x1_min
else
x2_min
end

y =
if y1_min == y1_max and y1_min >= min(y2_min, y2_max) and y1_min <= max(y2_min, y2_max) do
y1_min
else
y2_min
end

{x, y}
end
``````

After that, the rest is easy! Take the list of collision points, and find the one with the smallest Manhattan distance.

``````import AdventOfCode

aoc 2019, 3 do
def p1() do
input_stream()
|> Stream.map(&String.split(&1, ","))
|> Stream.map(&Wire.build/1)
|> Enum.to_list()
|> find_collisions()
|> Enum.filter(fn p -> p != {0, 0} end)
|> Enum.map(fn {x, y} -> abs(x) + abs(y) end)
|> Enum.min()
end

defp find_collisions([w1, w2]) do
w1 = Enum.chunk_every(w1, 2, 1, :discard)
w2 = Enum.chunk_every(w2, 2, 1, :discard)

Enum.reduce(w1, [], fn l1, l ->
collisions =
Enum.filter(w2, fn l2 ->
collide?(l1, l2)
end)

case collisions do
[] -> l
c -> collision_points(l1, c) |> Enum.concat(l)
end
end)
end

defp collide?([{x1_min, y1_min}, {x1_max, y1_max}], [{x2_min, y2_min}, {x2_max, y2_max}]) do
x =
if x1_min == x1_max do
x1_min >= min(x2_min, x2_max) and x1_min <= max(x2_min, x2_max)
else
x2_min >= min(x1_min, x1_max) and x2_min <= max(x1_min, x1_max)
end

y =
if y1_min == y1_max do
y1_min >= min(y2_min, y2_max) and y1_min <= max(y2_min, y2_max)
else
y2_min >= min(y1_min, y1_max) and y2_min <= max(y1_min, y1_max)
end

x and y
end

defp collision_points([{x1_min, y1_min}, {x1_max, y1_max}], c) do
Enum.map(c, fn [{x2_min, y2_min}, {x2_max, y2_max}] ->
x =
if x1_min == x1_max and x1_min >= min(x2_min, x2_max) and x1_min <= max(x2_min, x2_max) do
x1_min
else
x2_min
end

y =
if y1_min == y1_max and y1_min >= min(y2_min, y2_max) and y1_min <= max(y2_min, y2_max) do
y1_min
else
y2_min
end

{x, y}
end)
end
end
``````

Because the origin point `{0, 0}` is a collision point, it has to be filtered out, but then I just map the points to their distance and find the minimum. for me!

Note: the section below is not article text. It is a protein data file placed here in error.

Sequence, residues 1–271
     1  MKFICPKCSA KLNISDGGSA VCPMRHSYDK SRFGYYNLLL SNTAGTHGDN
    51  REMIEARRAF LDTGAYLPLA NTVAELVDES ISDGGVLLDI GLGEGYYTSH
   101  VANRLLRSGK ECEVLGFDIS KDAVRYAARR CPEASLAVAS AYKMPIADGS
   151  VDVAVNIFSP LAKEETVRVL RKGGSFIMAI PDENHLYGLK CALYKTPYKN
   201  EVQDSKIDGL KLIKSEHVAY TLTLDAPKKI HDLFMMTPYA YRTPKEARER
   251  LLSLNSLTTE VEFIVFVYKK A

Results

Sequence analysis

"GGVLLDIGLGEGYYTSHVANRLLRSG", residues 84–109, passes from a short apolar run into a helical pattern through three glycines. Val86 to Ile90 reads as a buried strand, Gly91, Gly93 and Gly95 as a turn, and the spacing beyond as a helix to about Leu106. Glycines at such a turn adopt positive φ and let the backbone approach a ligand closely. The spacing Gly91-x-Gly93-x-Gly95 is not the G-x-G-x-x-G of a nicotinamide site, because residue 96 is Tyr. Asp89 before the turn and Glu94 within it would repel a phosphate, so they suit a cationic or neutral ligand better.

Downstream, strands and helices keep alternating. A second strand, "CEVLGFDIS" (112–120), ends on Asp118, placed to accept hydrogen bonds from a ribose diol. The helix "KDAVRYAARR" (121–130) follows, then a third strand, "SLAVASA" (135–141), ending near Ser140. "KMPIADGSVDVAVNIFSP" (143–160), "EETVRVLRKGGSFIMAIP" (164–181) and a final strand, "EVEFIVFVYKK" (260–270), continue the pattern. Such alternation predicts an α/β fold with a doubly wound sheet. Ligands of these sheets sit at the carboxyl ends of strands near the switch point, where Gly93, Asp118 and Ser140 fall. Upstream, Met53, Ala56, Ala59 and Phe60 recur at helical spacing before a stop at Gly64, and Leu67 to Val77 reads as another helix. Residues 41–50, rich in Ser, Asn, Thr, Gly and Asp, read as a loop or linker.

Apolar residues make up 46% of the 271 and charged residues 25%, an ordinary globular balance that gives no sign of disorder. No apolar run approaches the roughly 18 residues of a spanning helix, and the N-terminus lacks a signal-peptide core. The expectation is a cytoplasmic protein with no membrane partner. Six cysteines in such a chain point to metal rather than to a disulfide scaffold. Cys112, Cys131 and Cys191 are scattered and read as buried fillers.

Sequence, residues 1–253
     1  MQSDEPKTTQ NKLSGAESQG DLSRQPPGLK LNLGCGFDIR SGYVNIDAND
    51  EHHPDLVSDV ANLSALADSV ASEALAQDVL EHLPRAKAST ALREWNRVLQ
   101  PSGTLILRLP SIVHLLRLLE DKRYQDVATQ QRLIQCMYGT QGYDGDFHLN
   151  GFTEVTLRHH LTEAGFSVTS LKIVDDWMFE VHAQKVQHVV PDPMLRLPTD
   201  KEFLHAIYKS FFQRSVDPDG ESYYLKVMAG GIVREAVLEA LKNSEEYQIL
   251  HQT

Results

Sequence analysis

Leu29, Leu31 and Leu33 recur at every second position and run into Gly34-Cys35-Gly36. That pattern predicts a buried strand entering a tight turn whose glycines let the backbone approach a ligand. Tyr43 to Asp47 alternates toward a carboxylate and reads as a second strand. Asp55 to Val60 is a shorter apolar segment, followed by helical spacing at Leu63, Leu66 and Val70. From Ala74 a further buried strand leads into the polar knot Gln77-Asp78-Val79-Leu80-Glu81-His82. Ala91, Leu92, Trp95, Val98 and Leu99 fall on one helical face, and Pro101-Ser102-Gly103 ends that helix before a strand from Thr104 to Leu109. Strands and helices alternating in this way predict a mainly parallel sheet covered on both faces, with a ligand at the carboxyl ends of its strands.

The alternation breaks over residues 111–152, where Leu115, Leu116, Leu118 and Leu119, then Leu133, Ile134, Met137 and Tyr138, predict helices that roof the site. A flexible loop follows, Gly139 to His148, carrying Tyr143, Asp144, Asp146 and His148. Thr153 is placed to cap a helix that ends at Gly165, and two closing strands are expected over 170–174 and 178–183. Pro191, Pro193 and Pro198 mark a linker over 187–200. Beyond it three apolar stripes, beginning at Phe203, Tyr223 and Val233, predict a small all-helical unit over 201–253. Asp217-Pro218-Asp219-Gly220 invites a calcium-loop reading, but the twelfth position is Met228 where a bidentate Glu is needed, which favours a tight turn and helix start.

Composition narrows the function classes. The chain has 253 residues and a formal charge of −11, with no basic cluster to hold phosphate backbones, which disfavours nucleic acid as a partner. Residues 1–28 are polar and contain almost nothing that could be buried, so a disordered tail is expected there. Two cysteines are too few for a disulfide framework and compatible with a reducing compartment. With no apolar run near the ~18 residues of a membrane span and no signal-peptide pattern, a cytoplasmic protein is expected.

## Puzzle 2

Puzzle 2, thankfully, only changed the computation about which point to pick. Once I have my list of points, I need to calculate how many “steps” it takes to reach my point:

``````  defp calculate_steps({x, y}, wire) do
wire
|> Enum.reverse()
|> Enum.reduce_while(0, fn [{x1, y1}, {x2, y2}], s ->
cond do
x == x1 and x == x2 and y >= min(y1, y2) and y <= max(y1, y2) ->
{:halt, s + abs(y1 - y)}

y == y1 and y == y2 and x >= min(x1, x2) and x <= max(x1, x2) ->
{:halt, s + abs(x1 - x)}

x2 == x1 ->
{:cont, s + abs(y2 - y1)}

true ->
{:cont, s + abs(x2 - x1)}
end
end)
end
``````

Remember my wires are backwards! Step 0 is to reverse it so I start from the origin. Step 2 is to generate my chunks. Step 3 is to figure out if the point is on the current line. If it isn’t, add the number of steps to my total and continue. If it is, add the number of steps along the line to it and stop.

The final solution is very similar to puzzle 1, only changing how I `map` at the end to get my minimum. Only the added code is shown.

``````import AdventOfCode

aoc 2019, 3 do
def p2() do
find_steps_along_wire =
input_stream()
|> Stream.map(&String.split(&1, ","))
|> Stream.map(&Wire.build/1)
|> Enum.to_list()
|> min_steps()

input_stream()
|> p()
|> Stream.map(&String.split(&1, ","))
|> Stream.map(&Wire.build/1)
|> Enum.to_list()
|> find_collisions()
|> Enum.filter(fn p -> p != {0, 0} end)
|> Enum.map(find_steps_along_wire)
|> Enum.min()
end

defp min_steps([w1, w2]) do
fn p ->
calculate_steps(p, w1) + calculate_steps(p, w2)
end
end

defp calculate_steps({x, y}, wire) do
wire
|> Enum.reverse()
|> Enum.reduce_while(0, fn [{x1, y1}, {x2, y2}], s ->
cond do
x == x1 and x == x2 and y >= min(y1, y2) and y <= max(y1, y2) ->
{:halt, s + abs(y1 - y)}

y == y1 and y == y2 and x >= min(x1, x2) and x <= max(x1, x2) ->
{:halt, s + abs(x1 - x)}

x2 == x1 ->
{:cont, s + abs(y2 - y1)}

true ->
{:cont, s + abs(x2 - x1)}
end
end)
end
end
``````

## Conclusion

Start these earlier in the day! I finished this at 11:30 PM, and the quality of my code definitely shows it. I’ll be linking to the final versions of things now instead of embedding them here.

Tests here were extremely helpful in finding my missteps, which were assumptions about order, assumptions about positivity, and forgetting to take the difference of the points when calculating the steps.

How did you do? Are you enjoying this series? @ me below!